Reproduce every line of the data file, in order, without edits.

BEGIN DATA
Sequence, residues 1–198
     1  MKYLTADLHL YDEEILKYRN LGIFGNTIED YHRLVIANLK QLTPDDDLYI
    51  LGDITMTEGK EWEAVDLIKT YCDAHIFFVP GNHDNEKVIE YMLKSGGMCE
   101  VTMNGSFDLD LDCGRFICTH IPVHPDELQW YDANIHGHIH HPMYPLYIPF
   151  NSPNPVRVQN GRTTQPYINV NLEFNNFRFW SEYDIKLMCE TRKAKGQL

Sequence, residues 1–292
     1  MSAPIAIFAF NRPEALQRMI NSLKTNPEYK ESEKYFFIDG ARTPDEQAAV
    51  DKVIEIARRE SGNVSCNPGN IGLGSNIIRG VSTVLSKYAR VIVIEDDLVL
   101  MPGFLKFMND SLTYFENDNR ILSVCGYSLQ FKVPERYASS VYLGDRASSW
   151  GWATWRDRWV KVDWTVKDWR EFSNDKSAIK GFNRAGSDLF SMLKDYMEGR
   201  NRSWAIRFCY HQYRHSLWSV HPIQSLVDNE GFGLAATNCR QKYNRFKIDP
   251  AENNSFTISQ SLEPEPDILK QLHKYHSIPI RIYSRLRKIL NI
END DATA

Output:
Sequence, residues 1–198
     1  MKYLTADLHL YDEEILKYRN LGIFGNTIED YHRLVIANLK QLTPDDDLYI
    51  LGDITMTEGK EWEAVDLIKT YCDAHIFFVP GNHDNEKVIE YMLKSGGMCE
   101  VTMNGSFDLD LDCGRFICTH IPVHPDELQW YDANIHGHIH HPMYPLYIPF
   151  NSPNPVRVQN GRTTQPYINV NLEFNNFRFW SEYDIKLMCE TRKAKGQL

Sequence, residues 1–292
     1  MSAPIAIFAF NRPEALQRMI NSLKTNPEYK ESEKYFFIDG ARTPDEQAAV
    51  DKVIEIARRE SGNVSCNPGN IGLGSNIIRG VSTVLSKYAR VIVIEDDLVL
   101  MPGFLKFMND SLTYFENDNR ILSVCGYSLQ FKVPERYASS VYLGDRASSW
   151  GWATWRDRWV KVDWTVKDWR EFSNDKSAIK GFNRAGSDLF SMLKDYMEGR
   201  NRSWAIRFCY HQYRHSLWSV HPIQSLVDNE GFGLAATNCR QKYNRFKIDP
   251  AENNSFTISQ SLEPEPDILK QLHKYHSIPI RIYSRLRKIL NI